Last week I had the opportunity to photograph swallow tail kites. My friend Dick, over at DVWildlife Tours, has a great tour on a lake here in FL, and there are literally thousands of these birds that come in this time of year.
It was a fun outing and a little different too. First, the birds tend to “sleep in”, so you don’t have to be out right at sunrise (always a plus). Next, unlike osprey and eagles which I’ve photographed in this area before, these birds swoop down toward the water to drink – not catch fish. So it was a lot of fun to witness the behavior and try to get some photos while we were at it.
Not Without It’s Challenges
The outing wasn’t without it’s challenges though. These birds are smaller than your usual osprey and eagle and moved more erratically. So they were a little harder to follow around. They’re also mostly black except their heads and underside. When you put a dark bird up against the trees in the background it fools the auto focus quite a bit.
So the key was to try to acquire focus on a bird early, and just keep your finger pressed halfway down on the shutter and follow them while it was higher in the sky, in hopes that was a bird that was going to hit the water – unfortunately many of them also just flew around, so you’d follow the bird for a while for nothing. (Side Note: yes, I said finger pressed halfway down on the shutter. I don’t use back button focus for several reasons that I’ll mention at some point on the blog, but I’ve also got a big topic on it coming in my upcoming Bird Photography course).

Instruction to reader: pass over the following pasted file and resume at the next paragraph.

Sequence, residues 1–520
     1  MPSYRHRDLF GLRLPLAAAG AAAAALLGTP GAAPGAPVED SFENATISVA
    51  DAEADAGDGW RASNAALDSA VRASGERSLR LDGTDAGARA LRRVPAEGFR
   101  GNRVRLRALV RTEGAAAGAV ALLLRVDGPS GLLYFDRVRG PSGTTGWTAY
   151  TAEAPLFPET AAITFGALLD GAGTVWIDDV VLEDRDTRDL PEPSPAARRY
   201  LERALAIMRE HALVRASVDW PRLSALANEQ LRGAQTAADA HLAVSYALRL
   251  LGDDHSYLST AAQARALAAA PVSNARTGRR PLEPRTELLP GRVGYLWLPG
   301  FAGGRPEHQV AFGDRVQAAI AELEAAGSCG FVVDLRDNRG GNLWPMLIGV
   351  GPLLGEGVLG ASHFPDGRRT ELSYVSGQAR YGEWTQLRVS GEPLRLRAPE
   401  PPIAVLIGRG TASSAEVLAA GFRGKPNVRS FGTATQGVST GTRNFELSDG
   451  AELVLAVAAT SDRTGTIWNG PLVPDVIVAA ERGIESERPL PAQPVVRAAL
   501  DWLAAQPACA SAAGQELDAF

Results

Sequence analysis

Also, we were fairly unlucky with the light. By the time they were hitting the water, the sun was pretty high up there and barely any clouds to diffuse the light which made overall exposure tough (bright white spots and dark dark areas as well).
But when they did hit the water, it was a lot of fun to see. Especially when you get to zoom in and watch the water coming out of their mouth 🙂
Settings and Post Processing
For this outing I used my Sony Alpha 1 with the 200-600m lens. I had my camera set to AF-C, Center Zone Focus Area, Manual Exposure mode with Auto ISO turned on, as well as the zebras turned on in camera to help with exposure. The “zebra” setting was helpful to see if the heads were over exposed and I usually dialed down 2/3 stop or so on my Exposure compensation for it.
Post processing was done in Lightroom for exposure, color and toning corrections and Topaz Sharpen AI for some quick sharpening and noise reduction. (more on Topaz here)
As always my editing is covered in my Wildlife Editing Secrets Course. Also, you can find links to all of my gear, computers, hard drives, etc… over on the Gear page which can be clicked on in the top menu (or just click here). And it’s always appreciated if you use the links on that page (even if you’re not purchasing that specific item) when buying anything. It doesn’t cost you a penny and it’ll help me out a bit 🙂
Thanks and enjoy!